500 words based on a sentence (in italics) selected by Dive. Click here for more info.
Twin beds sullenly welcomed us at the motel just off the interstate, flat, spent pillows barely raising a bump under the stained quilted bedspreads. The sun had long ago sunk below the horizon, yet the Texas heat was as choking as ever, the relentless, disheartening, will-crushing heat of an August drought. The beige Saturn’s fickle electrical system continued its slow, lingering death that afternoon, taking with it the air conditioner and the controls for the power windows, which were now stuck at useless heights, neither containing the tepid air burping from the vents on the dash, nor letting any outside air circulate.
Traffic had slammed to a halt about 30 minutes north of Houston when a cattle carrier overturned, spilling disoriented livestock onto I-45. Local police stopped traffic in both directions while Texas Rangers on horseback worked with local volunteers to round up the frightened cows. The 250 miles between us and home in North Dallas stretched temptingly northward, but with no way to get there, Lo and I sat in the car most of the day with the sun pounding down on the roof, from the limitless, empty Texas sky. The motel room was little better as I slid between the graying, frayed sheets, trying to find a cool spot on my pillow and wondering why the room had no ceiling fan.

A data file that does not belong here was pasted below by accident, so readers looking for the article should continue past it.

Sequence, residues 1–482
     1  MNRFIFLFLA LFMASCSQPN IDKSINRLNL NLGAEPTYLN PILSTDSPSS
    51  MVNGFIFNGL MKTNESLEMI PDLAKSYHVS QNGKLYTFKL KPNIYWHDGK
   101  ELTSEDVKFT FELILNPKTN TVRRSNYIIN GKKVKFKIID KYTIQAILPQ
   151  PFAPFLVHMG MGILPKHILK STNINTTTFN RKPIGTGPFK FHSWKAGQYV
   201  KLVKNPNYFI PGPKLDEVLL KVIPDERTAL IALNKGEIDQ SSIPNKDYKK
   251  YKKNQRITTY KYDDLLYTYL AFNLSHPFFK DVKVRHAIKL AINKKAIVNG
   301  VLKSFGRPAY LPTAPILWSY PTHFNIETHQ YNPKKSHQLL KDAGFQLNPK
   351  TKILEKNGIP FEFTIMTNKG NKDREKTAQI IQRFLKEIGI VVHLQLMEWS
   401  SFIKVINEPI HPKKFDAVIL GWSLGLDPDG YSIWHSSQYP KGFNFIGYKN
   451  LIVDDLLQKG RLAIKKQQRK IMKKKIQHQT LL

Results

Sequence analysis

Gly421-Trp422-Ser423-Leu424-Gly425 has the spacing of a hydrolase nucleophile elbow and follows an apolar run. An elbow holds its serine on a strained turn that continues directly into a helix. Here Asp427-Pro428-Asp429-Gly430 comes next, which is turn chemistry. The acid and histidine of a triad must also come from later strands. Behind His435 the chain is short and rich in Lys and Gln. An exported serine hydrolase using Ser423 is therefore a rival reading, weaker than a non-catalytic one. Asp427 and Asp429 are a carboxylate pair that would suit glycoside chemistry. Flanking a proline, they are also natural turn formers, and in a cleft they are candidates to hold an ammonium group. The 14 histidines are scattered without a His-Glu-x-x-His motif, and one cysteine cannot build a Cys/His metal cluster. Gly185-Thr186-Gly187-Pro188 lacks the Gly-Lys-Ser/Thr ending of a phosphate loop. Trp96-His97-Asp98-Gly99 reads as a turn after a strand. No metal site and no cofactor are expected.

“Lu? Can I have a water?”
Three bottles lay on their sides, half submerged in the cloudy, lukewarm mystery liquid at the bottom of the cooler, floating among the remains of popsicles, candy bars and lipsticks.
“Sure Lo, but we’ll have to get some more tomorrow, and ice this thing up again before we leave. I’ve never seen anyone drink so much water.”
“Gotta stay hydrated. Oprah says how many liters a day? Got any straws?”
“Just drink it from the bottle”
“Like you’re worried about make-up now? We’re going to sleep, just drink it from the damned bottle.”
“I’m sorry Lu”.
“You know what today’s like, Lu? Thelma and Louise. This is our big road trip. We’re just like them.”
“Lo, you know how that movie ended, don’t you?”
“Yeah, but maybe I can still have a thing with Brad Pitt? Might be worth it.”
“Go to sleep Lo”
“Night, Lu…Lu, can we find a waffle house for breakfast tomorrow? And when we get the water, we need straws too. Oprah always says to use a straw. Her guests always have straws, too.”
“Go to sleep Lo.”
And again next day a thinly populated sky, losing its blue to the heat, would melt overhead, and Lo would clamour for a drink, and her cheeks would hollow vigorously over the straw, and the car inside would be a furnace when we got in again, and the road shimmered ahead, with a remote car changing its shape mirage-like in the surface glare, and seeming to hang for a moment, old-fashionedly square and high, in the hot haze.
copyright (c) 2009 Lulubelle B